Homily for the twenty-fourth Sunday of the year - Year A - Mt. 18:21-35


by

Father Daniel Meynen
 
 

"Then Peter came up and said to him, 'Lord, how often shall my brother sin against me, and I forgive him? As many as seven times?' Jesus said to him, 'I do not say to you seven times, but seventy times seven.'


" 'Therefore the kingdom of heaven may be compared to a king who wished to settle accounts with his servants. When he began the reckoning, one was brought to him who owed him ten thousand talents; and as he could not pay, his lord ordered him to be sold, with his wife and children and all that he had, and payment to be made. So the servant fell on his knees, imploring him, "Lord, have patience with me, and I will pay you everything." And out of pity for him the lord of that servant released him and forgave him the debt. But that same servant, as he went out, came upon one of his fellow servants who owed him a hundred denarii; and seizing him by the throat he said, "Pay what you owe." So his fellow servant fell down and besought him, "Have patience with me, and I will pay you." He refused and went and put him in prison till he should pay the debt. When his fellow servants saw what had taken place, they were greatly distressed, and they went and reported to their lord all that had taken place. Then his lord summoned him and said to him, "You wicked servant! I forgave you all that debt because you besought me; and should not you have had mercy on your fellow servant, as I had mercy on you?" And in anger his lord delivered him to the jailers, till he should pay all his debt.'


" 'So also my heavenly Father will do to every one of you, if you do not forgive your brother from your heart.' "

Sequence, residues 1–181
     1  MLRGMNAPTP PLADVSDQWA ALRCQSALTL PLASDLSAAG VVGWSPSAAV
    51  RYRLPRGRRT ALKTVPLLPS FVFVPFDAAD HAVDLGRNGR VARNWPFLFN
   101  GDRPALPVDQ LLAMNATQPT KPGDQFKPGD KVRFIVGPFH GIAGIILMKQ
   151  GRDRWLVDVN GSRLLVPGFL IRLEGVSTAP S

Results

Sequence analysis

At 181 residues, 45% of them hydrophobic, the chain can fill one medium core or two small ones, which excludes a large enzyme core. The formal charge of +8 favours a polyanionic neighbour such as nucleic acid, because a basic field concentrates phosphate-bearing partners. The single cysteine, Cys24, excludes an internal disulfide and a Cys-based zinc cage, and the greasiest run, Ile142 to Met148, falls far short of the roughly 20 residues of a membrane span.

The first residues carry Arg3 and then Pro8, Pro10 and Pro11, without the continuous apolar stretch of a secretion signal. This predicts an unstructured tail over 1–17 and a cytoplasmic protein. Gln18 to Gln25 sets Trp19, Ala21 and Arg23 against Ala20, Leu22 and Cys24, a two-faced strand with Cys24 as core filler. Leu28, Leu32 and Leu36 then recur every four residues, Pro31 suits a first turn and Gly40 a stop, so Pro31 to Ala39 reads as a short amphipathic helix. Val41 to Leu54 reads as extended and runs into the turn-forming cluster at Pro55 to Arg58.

Homily:


"Then Peter came up and said to him, 'Lord, how often shall my brother sin against me, and I forgive him? As many as seven times?' Jesus said to him, 'I do not say to you seven times, but seventy times seven.' "


Today is September 15, 2002. If I were to ask you what you ate a month ago, on August 15, you would doubtless reply that you no longer remember. And you would be right to say that; unless perhaps you had gone out to eat at a restaurant that day, or if you had been invited to a friend's house or to a party; or unless your financial resources are so limited that you are forced to eat the same thing just about every day...


So, man is subject to forgetfulness... But there is one thing that man has trouble forgetting: the offenses that others have committed against him. Why? Quite simply because an offense is always present in the spirit of the man who does not want or know how to let time act, the time that inexorably passes and that allows offenses to be forgotten... So, there is but a single remedy that allows the forgiveness of offenses: time! This is why Jesus answers Peter by saying that he must forgive again and again, up to seventy-seven times, thus giving time the chance to act and allowing the offense to disappear from memory.


Why does time heal the soul of the offenses against it? The answer is simple, and yet it partly eludes our way of thinking and understanding. One would need to be an angel to truly understand it. For it is the angels - the evil angels - who are at the origin of evil and of the sin that burdens men ever since Adam and Eve offended God in the terrestrial Paradise. Now, angels, by their very nature, cannot make use of time in their reflection: they intellectually see everything immediately. So, in every offense committed against us, there is found the mark of the fallen angels, a mark that consists in a certain absence of time. In other words, it is as if each offense were always present before our eyes: as if it were impossible to forget it...